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Continuous Glucose Monitoring

Long-term continuous glucose monitoring (CGM) device monitoring of glucose levels in interstitial fluid, as a technique of diabetic monitoring, may be considered medically necessary when the following situations occur, despite use of best practices:
patients with type 1 diabetes who have demonstrated an understanding of the technology, are motivated to use the device correctly and consistently, are expected to adhere to a comprehensive diabetes treatment plan supervised by a qualified provider, and are capable of using the device to recognize alerts and alarms; or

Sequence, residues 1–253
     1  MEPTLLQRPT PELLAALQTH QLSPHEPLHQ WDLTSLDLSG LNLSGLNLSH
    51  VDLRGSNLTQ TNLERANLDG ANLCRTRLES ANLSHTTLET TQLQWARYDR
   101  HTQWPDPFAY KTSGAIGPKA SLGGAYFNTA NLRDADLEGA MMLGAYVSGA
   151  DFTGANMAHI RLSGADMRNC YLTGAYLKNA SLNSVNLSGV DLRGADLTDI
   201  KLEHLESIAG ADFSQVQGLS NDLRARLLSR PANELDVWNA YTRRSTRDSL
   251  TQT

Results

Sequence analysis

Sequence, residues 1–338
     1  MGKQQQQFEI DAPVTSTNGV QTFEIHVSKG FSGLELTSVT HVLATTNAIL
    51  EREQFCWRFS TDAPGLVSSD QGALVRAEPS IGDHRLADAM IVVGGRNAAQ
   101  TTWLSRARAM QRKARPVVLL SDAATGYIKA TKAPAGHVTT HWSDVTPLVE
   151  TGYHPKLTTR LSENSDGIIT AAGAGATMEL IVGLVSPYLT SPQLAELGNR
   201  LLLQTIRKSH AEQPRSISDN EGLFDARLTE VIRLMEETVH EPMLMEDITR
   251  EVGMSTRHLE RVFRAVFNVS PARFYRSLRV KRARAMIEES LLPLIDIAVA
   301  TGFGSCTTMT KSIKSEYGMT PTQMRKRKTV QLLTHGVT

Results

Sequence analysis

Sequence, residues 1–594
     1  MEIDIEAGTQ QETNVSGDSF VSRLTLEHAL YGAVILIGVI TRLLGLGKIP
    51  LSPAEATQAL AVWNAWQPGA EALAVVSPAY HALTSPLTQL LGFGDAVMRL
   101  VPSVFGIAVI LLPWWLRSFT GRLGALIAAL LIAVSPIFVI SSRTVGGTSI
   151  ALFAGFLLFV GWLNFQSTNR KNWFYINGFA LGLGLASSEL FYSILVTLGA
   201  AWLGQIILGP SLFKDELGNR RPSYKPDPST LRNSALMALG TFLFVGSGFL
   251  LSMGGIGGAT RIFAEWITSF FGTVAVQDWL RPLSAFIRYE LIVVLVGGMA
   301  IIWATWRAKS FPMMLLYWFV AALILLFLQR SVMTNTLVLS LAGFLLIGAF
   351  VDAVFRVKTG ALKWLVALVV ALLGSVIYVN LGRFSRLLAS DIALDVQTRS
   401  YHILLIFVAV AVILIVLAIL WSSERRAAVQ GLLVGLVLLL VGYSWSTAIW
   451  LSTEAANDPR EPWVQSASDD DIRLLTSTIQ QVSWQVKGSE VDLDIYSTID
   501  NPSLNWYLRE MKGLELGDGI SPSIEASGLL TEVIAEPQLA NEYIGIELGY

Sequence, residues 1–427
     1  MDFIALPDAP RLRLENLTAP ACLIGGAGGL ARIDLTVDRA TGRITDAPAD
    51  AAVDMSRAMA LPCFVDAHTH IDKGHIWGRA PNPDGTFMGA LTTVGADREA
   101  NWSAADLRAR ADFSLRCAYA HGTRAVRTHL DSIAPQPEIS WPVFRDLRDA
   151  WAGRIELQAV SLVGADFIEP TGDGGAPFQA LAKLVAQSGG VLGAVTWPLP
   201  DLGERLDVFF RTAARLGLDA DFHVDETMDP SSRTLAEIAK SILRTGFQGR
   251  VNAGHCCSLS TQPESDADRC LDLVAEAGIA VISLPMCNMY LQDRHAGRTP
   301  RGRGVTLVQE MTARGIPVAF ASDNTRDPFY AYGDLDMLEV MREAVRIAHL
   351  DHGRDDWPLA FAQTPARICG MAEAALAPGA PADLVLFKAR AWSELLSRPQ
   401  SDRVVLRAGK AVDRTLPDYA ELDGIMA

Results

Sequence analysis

patients with type 1 diabetes who have recurrent, unexplained, severe (generally blood glucose levels <50 mg/dL) hypoglycemia or impaired awareness of hypoglycemia that puts the patient or others at risk; or patients with poorly controlled type 1 diabetes who are pregnant. Poorly controlled type 1 diabetes includes unexplained hypoglycemic episodes, hypoglycemic unawareness, suspected postprandial hyperglycemia, and recurrent diabetic ketoacidosis. Short-term CGM monitoring of glucose levels in interstitial fluid may be considered medically necessary in patients with type 1 diabetes whose diabetes is poorly controlled, despite current use of best practices (see Policy Guidelines section). Poorly controlled type 1 diabetes includes the following clinical situations: unexplained hypoglycemic episodes, hypoglycemic unawareness, suspected postprandial hyperglycemia, and recurrent diabetic ketoacidosis. Short-term CGM monitoring of glucose levels in interstitial fluid may also be considered medically necessary in patients with type 1 diabetes prior to insulin pump initiation to determine basal insulin levels. Long-term CGM monitoring of glucose levels in interstitial fluid may be considered medically necessary in patients with type 2 diabetes who are willing and able to use the device and have adequate medical supervision and who experience significant hypoglycemia on multiple daily doses of insulin or an insulin pump in the setting of insulin deficiency. Short-term CGM monitoring of glucose levels in interstitial fluid may be considered medically necessary in patients with type 2 diabetes who require multiple daily doses of insulin whose diabetes is poorly controlled, despite current use of best practices (see Policy Guidelines section). Poorly controlled type 2 diabetes includes the following clinical situations: unexplained hypoglycemic episodes, hypoglycemic unawareness, and persistent hyperglycemia and A1C levels above target. Short-term CGM monitoring of glucose levels in interstitial fluid may be considered medically necessary in patients with type 2 diabetes who require multiple daily doses of insulin to determine basal insulin levels prior to insulin pump initiation. Other uses of long-term and short-term CGM monitoring of glucose levels in interstitial fluid as a technique of diabetic monitoring including use in gestational diabetes are considered investigational. The use of intermittently scanned (flash) CGM devices is considered investigational. The use of implantable CGM devices is considered investigational.

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